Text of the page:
tl;dr I love boingboing. Please integrate page URLs via history.js into your infinite scroll implementation for maximum win.  Or just go back to regular pagination.

  24. No Name says:

    So this is it. Good-bye Productivity. We had some good times… I will miss you. I will cry for you.

  25. Read ALL the wonderful things?

  26. RexSchrader says:

    I’m getting duplicate articles at the split line.

  27. bradvert says:

    Uh oh. I used to cut myself off after a couple of pages’ worth of posts. Now I’m locked in an infinite stream of awesome, and will never get any work done ever. Thanks.

  28. Matt Breitkreutz says:

    Is there a way to turn it off? Please?

    • Kimmo says:

      I’m not a fan either; infinite scrolling feels to me like some sort of pushy, commercially-driven appropriation of control from the user.

      Please give us an option.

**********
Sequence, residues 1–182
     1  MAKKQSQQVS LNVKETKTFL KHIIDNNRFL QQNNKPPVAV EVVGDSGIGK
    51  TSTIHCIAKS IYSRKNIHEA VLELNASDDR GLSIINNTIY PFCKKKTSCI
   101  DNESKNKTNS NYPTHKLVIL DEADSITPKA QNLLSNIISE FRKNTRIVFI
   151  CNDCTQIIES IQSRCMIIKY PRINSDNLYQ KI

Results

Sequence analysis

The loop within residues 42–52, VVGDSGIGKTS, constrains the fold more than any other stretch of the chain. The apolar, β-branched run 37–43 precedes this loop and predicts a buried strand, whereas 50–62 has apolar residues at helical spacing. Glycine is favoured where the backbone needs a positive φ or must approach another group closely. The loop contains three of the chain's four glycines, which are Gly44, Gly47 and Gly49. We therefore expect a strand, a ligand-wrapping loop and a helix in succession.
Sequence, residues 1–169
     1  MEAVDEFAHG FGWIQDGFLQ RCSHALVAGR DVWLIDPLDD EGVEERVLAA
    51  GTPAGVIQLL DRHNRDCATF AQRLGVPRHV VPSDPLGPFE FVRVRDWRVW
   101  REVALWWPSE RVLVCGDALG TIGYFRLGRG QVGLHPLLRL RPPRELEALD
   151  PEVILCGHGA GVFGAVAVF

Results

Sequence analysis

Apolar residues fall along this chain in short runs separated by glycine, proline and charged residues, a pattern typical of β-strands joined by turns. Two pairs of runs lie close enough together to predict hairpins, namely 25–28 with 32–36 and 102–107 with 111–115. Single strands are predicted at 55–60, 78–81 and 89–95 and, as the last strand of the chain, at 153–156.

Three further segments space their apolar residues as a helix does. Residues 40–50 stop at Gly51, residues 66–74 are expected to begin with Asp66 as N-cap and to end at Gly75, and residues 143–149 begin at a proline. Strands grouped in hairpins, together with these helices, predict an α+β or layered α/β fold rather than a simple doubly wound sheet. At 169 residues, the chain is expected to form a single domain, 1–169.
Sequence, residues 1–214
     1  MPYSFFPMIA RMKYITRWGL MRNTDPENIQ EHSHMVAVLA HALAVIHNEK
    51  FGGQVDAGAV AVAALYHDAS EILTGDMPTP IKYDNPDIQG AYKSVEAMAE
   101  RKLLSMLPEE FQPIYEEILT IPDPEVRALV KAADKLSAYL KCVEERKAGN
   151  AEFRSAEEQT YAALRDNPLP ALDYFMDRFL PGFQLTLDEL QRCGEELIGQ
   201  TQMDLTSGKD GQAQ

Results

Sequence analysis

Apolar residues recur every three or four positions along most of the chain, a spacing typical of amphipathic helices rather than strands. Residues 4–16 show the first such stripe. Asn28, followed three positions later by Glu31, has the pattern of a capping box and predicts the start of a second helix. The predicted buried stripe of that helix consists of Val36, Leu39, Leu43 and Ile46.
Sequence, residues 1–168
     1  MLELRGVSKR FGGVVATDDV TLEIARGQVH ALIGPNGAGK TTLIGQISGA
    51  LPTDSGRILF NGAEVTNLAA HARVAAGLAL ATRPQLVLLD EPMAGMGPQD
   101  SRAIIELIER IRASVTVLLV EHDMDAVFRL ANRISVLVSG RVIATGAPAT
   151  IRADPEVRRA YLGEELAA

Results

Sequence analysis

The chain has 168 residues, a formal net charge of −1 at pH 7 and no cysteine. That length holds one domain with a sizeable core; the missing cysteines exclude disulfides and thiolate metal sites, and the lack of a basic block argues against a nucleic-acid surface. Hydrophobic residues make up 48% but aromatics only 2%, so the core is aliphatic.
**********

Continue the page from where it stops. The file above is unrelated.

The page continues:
• Ipo says:

       NoScript. 
      Don’t whitelist “googleapis.com”.

      • Kimmo says:

         What else does that break?

        • Ipo says:

           From my perspective, nothing. 
          Running scripts can break things. 
          Not running them can mean that something doesn’t work for you, nor against you, until you make it. 
          I whitelist every trusted domain that gives me a functionality I desire, but I feel no compunction for not running scripts that don’t benefit me. 

  29. Guest says:

    When I “J” to the bottom it goes back to the top of the site, where it stops I can wheel back to that spot on the site, ’til it gets to the bottom and J and K are not workin a-gaiiin.

  30. tilthouse says:

    “It couldn’t possibly be bottomless.”
    “Well, for all intents and purposes.”

  31. Jacob Ewing says:

     As noted by others, there seems to be an interesting glitch of duplicate articles showing up.  Presumably due to the aforementioned action of scrolling down partially and sitting idle for awhile.

    Nice though.

  32. unaboomer says:

    Please tell the rest of the internet about this feature please.

  33. jimh says:

    Awesome news, and at least SIXTY TWO TIMES more awesome when accompanied by Hyperbole and a Half artwork!!!

  34. DevinC says: